Wednesday, December 30, 2009

Technical Topic -- The Odds of Getting Published

I was looking at the question  --
What are the odds of getting published?

And the answer, of course, is that if you write a super manuscript that makes folks laugh and cry and forget to feed the hamster,
the odds are very good indeed.

Which is an answer not so much brimming with The Useful, is it?
. . . Since it's hard to figure out how to write such a manuscript and if you know the secret would you please share it with me.

But when folks ask, 'What are the odds?'
They are really asking --
"Do I have a chance of getting published?
Is this is a wild, impossible dream
or hard but doable?

Is getting published like the odds of getting struck by lighning, or more like the odds of playing professional football, or is it an abducted-by-aliens thing, or what?

Answering in a simple, literal manner ... I'd point to  here where a reader for a literary agent looks at 'hundreds and hundreds' of slushpile submissions to find two writers who can be signed. 
Not so good odds, overall.

Trying to be helpful, I could go on to talk about football tryouts and being 6'6", 280 lbs and spending 40 hours a week thumping heads.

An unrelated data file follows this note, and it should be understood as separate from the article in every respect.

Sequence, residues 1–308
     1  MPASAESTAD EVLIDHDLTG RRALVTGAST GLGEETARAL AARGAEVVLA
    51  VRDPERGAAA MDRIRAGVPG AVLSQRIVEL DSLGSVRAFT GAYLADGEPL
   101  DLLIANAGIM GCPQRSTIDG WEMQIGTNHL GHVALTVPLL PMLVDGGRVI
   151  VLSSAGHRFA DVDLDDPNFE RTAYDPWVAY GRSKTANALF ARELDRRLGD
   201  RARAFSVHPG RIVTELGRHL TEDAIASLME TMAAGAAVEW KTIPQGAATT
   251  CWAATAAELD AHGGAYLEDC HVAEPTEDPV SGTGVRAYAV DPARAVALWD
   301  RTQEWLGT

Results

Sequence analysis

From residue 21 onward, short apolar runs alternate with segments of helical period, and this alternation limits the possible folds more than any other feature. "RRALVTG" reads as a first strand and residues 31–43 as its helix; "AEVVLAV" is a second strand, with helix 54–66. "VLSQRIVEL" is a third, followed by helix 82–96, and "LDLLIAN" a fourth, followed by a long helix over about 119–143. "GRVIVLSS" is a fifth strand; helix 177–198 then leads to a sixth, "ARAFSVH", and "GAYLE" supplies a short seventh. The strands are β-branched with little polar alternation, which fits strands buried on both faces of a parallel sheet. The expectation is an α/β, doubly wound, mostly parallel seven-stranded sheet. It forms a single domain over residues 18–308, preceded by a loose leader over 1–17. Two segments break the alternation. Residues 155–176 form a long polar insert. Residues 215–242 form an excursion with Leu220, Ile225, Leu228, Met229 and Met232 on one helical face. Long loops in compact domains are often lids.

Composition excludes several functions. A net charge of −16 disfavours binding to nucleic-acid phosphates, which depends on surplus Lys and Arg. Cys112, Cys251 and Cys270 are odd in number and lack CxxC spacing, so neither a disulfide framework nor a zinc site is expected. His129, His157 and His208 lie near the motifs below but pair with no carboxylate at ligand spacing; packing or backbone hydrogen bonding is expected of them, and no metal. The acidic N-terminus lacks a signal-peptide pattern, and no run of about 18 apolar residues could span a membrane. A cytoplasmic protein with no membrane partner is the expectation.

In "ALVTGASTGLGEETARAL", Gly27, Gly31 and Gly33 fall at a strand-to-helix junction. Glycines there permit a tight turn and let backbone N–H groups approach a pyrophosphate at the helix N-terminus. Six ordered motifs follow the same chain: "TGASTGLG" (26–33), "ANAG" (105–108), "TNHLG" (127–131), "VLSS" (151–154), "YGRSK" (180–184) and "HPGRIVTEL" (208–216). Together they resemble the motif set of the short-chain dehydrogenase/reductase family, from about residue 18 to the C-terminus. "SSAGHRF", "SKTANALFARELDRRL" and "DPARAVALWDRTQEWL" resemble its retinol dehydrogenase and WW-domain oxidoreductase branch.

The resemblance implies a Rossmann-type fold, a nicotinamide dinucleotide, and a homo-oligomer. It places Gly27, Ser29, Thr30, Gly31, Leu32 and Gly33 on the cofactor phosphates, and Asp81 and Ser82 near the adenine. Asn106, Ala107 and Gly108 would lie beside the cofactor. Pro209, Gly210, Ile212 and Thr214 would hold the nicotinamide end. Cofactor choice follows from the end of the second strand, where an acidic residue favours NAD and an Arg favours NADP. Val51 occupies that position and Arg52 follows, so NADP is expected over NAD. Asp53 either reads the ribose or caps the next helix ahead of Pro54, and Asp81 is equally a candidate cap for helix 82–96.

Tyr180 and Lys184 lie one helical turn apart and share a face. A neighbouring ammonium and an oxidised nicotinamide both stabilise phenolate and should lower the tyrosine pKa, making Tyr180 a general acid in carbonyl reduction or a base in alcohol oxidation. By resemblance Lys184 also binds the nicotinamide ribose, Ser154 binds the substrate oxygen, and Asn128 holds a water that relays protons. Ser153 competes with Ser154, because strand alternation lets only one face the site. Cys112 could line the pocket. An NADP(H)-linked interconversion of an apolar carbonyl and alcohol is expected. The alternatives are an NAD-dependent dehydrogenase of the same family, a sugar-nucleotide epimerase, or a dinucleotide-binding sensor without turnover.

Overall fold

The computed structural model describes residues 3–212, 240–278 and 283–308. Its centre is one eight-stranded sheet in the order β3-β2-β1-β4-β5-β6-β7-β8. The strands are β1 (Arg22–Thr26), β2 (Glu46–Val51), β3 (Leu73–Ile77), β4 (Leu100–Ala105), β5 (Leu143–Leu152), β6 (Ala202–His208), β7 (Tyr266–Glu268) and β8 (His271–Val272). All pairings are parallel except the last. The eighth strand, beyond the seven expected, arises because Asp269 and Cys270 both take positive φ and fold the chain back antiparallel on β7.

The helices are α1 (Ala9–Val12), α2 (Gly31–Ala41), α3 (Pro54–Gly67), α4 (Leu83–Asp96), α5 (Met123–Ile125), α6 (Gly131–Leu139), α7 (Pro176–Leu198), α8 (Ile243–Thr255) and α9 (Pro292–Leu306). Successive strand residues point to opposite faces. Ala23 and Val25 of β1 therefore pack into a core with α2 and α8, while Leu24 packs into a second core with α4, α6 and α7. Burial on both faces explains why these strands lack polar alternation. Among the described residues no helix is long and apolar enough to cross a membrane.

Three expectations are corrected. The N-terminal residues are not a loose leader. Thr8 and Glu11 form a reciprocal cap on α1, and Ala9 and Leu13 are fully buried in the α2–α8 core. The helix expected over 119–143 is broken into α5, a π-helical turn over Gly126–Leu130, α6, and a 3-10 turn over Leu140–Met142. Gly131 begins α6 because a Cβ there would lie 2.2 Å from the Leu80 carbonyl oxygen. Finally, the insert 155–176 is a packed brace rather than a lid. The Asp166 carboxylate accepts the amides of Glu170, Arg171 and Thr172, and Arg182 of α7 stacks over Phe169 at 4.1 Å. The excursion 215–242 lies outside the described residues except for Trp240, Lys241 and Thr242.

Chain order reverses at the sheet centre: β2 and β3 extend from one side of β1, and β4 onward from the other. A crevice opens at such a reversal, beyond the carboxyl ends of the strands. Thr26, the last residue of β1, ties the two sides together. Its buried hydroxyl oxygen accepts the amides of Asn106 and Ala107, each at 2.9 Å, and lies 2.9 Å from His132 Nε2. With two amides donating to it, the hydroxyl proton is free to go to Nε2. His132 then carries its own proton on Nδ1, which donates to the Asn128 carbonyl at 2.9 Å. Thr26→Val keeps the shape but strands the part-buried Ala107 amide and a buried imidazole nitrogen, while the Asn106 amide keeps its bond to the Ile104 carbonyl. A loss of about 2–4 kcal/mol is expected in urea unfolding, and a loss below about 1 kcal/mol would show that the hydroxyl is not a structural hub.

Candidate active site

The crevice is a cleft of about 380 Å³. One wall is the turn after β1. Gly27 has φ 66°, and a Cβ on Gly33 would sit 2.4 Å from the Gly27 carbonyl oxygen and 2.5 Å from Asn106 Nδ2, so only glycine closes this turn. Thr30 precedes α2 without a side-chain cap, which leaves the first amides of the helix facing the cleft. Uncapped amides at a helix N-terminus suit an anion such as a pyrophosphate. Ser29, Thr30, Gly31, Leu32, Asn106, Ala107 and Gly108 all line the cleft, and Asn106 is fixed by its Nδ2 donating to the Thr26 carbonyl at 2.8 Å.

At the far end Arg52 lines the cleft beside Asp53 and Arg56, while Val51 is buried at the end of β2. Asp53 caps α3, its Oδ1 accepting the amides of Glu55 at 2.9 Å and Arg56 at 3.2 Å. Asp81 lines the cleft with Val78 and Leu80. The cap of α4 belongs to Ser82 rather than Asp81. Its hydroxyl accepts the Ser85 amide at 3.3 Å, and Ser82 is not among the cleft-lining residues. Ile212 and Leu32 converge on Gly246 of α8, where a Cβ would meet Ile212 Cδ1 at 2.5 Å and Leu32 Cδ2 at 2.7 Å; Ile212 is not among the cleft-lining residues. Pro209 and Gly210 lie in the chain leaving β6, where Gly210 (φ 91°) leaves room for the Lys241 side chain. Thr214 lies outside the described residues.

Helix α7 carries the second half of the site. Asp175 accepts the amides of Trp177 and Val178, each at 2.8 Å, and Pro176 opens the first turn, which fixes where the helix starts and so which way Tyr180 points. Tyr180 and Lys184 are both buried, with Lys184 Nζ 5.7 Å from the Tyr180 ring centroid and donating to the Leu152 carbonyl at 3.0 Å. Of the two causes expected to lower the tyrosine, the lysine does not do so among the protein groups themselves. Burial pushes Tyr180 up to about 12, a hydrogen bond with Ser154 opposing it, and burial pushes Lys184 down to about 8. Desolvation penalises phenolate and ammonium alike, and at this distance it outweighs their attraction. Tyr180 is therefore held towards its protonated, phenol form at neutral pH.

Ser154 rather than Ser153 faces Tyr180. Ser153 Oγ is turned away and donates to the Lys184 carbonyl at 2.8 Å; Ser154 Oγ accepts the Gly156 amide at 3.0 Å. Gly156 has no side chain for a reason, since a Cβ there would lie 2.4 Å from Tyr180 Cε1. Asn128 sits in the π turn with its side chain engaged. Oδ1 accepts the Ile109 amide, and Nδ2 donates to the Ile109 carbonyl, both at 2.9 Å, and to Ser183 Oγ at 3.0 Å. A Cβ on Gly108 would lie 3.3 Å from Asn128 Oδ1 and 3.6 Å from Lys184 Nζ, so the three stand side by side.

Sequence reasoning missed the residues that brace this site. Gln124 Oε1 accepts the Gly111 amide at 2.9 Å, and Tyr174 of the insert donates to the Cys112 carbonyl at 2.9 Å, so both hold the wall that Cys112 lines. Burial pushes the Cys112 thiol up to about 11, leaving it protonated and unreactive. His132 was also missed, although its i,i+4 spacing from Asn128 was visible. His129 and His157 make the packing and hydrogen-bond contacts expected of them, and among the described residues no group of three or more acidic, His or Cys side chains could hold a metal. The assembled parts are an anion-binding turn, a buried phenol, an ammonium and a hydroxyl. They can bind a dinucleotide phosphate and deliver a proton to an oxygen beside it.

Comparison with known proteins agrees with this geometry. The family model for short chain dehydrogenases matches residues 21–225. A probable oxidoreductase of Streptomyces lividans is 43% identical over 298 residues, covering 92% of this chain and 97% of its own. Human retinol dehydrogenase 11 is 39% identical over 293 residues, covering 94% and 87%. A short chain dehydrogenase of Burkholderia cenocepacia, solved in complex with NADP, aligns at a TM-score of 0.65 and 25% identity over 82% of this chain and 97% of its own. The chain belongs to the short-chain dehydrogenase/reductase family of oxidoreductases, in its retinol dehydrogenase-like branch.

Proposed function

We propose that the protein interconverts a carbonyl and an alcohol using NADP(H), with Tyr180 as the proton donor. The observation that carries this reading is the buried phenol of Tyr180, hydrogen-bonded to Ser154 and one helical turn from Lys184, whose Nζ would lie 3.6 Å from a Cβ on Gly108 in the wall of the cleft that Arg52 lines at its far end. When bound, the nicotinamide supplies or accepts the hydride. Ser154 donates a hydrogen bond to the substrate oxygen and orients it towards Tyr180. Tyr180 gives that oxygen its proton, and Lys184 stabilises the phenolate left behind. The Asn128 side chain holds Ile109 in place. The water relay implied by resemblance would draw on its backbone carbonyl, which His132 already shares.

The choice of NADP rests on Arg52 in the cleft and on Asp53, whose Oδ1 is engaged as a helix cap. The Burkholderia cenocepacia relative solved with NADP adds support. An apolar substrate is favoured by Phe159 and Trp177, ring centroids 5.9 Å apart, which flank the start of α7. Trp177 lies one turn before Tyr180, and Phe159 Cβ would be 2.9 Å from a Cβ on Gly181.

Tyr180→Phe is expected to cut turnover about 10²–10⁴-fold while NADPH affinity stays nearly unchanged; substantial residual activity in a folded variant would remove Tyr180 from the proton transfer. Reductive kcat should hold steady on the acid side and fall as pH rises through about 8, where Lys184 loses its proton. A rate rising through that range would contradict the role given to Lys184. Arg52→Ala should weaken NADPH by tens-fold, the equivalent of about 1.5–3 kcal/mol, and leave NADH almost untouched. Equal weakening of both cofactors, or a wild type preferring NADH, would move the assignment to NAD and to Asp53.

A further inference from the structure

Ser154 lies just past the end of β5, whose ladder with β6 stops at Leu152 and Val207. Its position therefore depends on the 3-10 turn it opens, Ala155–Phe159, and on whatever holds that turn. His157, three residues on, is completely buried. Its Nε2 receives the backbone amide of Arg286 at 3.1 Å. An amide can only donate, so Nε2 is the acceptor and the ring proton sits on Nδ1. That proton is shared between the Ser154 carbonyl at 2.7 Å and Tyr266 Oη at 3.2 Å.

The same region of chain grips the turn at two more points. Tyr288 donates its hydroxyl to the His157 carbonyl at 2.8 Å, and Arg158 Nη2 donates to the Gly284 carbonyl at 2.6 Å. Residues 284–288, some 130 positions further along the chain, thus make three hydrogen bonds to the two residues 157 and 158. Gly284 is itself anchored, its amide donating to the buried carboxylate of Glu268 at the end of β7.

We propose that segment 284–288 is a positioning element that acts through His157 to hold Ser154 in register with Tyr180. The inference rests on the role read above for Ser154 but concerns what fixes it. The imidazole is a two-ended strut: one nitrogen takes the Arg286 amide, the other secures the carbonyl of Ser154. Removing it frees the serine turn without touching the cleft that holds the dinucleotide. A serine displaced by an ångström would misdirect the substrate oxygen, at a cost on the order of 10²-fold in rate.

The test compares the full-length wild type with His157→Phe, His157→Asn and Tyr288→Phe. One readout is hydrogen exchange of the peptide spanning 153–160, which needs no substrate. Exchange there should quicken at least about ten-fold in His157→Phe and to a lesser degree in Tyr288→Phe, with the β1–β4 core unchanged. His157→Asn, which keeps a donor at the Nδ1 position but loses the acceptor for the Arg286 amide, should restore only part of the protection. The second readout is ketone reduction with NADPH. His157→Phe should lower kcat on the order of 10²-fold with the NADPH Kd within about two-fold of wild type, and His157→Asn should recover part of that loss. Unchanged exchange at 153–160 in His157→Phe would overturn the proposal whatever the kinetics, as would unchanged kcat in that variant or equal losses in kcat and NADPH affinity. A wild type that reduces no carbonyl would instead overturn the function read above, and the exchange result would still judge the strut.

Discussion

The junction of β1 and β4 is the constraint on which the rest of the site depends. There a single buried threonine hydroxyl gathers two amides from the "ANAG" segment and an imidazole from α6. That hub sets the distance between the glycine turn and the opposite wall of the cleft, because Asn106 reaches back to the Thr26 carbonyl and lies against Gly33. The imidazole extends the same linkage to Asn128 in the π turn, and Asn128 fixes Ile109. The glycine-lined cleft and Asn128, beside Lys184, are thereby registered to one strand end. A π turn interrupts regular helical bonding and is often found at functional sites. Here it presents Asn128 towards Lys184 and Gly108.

Or about standing on high ridges in thunderstorms holding a long metal pole.
I don't feel so competent addressing the whole abducted-by-aliens scenario.

But let's say I riff on the unspoken question.
Which is -- 'What are MY chances?'

It is very hard to get published. There's a lot of competition.

--You have to be persistent. (This is in your control.)

--You have to work your butt off. (This is in your control.)

--You have to learn your craft. (This is in your control.)

--You are more likely to succeed if you consciously produce something in a marketable field. (This is in your control.)

--You have to write better than what is on the shelves. (This is only partially in your control.)

-- You need an innate ability to write. (This is not in your control.)

--You have to be lucky. (This is not in your control.)

Maybe, 'What are the odds?' is not a useful question.
 'How can I improve the odds?' is.


  1. Anonymous12:34 AM

    Focusing on what one CAN control is perhaps the only way to stay sane in this business, lol. ;)

  2. @Sharigreen --

    I think that focus helps in getting the writing done, too. You need a daffy sort of optimism to finish a whole manuscript, or a half dozen whole manuscripts, 'on spec'. And that's what you have to do before you get the first ms sold.

    If you KNOW what's under your control, you can set everything else aside and keep going.

  3. Spot on, as usual. Isn't it funny how "luck" seems to strike the most persistent writers? Persistence helps greatly with that whole "learning your craft" thing, too. :)

    May I also add patience to the list? This is the most difficult for me to master. I am not patient by nature, but have had patience thrust upon me. There is so darn much _waiting_ involved in the publishing game.

  4. @ Linda --